June 10, 2009

This Issue
Vol. 28, Issue 33
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Teachers have formed collective bargaining units in schools run by some of the best-known charter school management organizations.
States find themselves torn between using the federal money to plug budget holes and to push school reform.
Federal officials have released the Salt Lake City district from scrutiny, citing ELLs' “meaningful access” to educational programs.
As the state’s finances continue to melt down, educators say they won’t be able to avoid direct hits to the classroom this time around.
News in Brief
Report Roundup
News in Brief
Report Roundup
News in Brief
Report Roundup
News in Brief
Report Roundup
A survey of more than 15,000 teachers found that more than nine in 10 tenured teachers were deemed to have met local standards.
Study of Charlotte-Mecklenburg, N.C., district after desegregation finds movement of teachers.
Consortium shares its approach to creating partnerships that tap data for solving real world school problems.
Students can work alongside similarly gifted peers and nurture their talents in ways generally unavailable in American schools.
A landmark lawsuit still hovers over school spending in the state, though a new funding formula has the state Supreme Court’s blessing.
College & Careers
A new report contends the key to math and science success is a broad curriculum where arts and humanities aren’t sacrificed.
An aggressive timetable calls for college- and career-readiness standards to be ready by July, and grade-by-grade standards by year’s end.
The selection of Melendez nearly rounds out the Education Department's top leadership team.
Although Judge Sonia Sotomayor has handled a relatively small number of cases dealing with education, those disputes offer clues to the direction she might take on school matters.
Policy Brief
Fiscal leaders in the House and Senate are voicing concern about proposed shifts in Title I money and a big boost for the Teacher Incentive Fund.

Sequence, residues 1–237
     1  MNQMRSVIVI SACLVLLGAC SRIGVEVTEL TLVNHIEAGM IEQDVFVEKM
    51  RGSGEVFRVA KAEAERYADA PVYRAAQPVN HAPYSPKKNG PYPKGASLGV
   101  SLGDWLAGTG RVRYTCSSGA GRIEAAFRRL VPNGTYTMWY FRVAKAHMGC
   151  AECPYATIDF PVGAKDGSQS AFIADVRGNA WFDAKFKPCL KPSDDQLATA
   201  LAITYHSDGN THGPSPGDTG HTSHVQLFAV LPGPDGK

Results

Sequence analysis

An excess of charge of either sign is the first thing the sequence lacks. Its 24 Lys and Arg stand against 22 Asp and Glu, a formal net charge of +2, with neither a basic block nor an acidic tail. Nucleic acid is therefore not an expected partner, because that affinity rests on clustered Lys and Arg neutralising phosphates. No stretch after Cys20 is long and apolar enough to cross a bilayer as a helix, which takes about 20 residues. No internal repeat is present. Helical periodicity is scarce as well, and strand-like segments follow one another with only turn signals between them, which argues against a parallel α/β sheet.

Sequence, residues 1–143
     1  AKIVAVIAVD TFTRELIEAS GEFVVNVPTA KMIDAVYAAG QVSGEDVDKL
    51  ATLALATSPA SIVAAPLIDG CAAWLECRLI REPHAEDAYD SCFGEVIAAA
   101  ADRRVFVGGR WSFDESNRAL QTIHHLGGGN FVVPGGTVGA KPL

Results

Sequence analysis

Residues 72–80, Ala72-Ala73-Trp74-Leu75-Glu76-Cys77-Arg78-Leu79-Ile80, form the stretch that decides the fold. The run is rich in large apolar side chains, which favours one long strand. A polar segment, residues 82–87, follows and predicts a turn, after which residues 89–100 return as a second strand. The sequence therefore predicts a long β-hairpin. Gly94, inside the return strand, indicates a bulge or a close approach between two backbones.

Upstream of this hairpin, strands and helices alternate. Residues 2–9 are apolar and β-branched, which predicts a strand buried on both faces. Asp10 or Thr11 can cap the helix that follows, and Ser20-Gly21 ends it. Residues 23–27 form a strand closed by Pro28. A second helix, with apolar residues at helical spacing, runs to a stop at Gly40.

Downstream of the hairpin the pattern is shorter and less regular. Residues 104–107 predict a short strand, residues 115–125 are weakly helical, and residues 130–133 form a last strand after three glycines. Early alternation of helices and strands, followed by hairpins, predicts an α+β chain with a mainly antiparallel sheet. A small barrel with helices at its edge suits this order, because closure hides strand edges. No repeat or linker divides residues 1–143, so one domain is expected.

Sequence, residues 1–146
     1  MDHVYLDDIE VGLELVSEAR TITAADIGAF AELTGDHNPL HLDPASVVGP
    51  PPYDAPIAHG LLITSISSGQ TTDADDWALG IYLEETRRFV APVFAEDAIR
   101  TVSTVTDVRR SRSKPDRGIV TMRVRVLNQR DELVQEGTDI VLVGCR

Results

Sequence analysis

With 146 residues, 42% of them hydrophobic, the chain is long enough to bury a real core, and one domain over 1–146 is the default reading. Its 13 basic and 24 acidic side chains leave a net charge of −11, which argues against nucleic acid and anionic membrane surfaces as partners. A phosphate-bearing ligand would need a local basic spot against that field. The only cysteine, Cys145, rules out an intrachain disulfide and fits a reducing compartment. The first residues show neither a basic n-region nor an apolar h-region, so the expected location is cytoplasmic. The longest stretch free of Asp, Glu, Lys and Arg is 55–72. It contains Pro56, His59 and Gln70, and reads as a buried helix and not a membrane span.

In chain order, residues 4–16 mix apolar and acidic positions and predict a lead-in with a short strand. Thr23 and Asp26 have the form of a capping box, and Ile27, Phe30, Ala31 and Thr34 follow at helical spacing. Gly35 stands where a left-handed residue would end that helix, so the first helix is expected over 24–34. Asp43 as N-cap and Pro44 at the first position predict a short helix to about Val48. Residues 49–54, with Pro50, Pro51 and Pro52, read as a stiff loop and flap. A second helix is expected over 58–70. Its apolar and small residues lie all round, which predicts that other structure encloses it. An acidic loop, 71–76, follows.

Capitol Recap
Long before it was on the national agenda, data was the name of the game in Western Heights, Okla.
Allan Odden writes, “Most of the teacher-compensation innovations to date have left the traditional single-salary schedule unchanged.”
"The basic problem with most school finance systems, both those in existence and those proposed, is that funding is separated from education policy,” write Eric A. Hanushek and Alfred A. Lindseth.
"Very young children have the greatest ability to learn. They are like sponges, soaking up whatever their environment offers," writes Vicky Schippers.
"It is too late to tweak NCLB. Seven years after it was signed into law, it is clear that the program deserves to be buried," writes Diane Ravitch.
FOUNDATION SUPPORT: Coverage of specific topics in Education Week is supported in part by grants from the Annenberg Foundation, the Bill & Melinda Gates Foundation, the Carnegie Corporation of New York, the Eli and Edythe Broad Foundation, the Ewing Marion Kauffman Foundation, the Ford Foundation, the Joyce Foundation, the Pew Charitable Trusts, the Spencer Foundation, the Wallace Foundation, and the William and Flora Hewlett Foundation. The newspaper retains sole editorial control over the content of the articles that are underwritten by the foundations.

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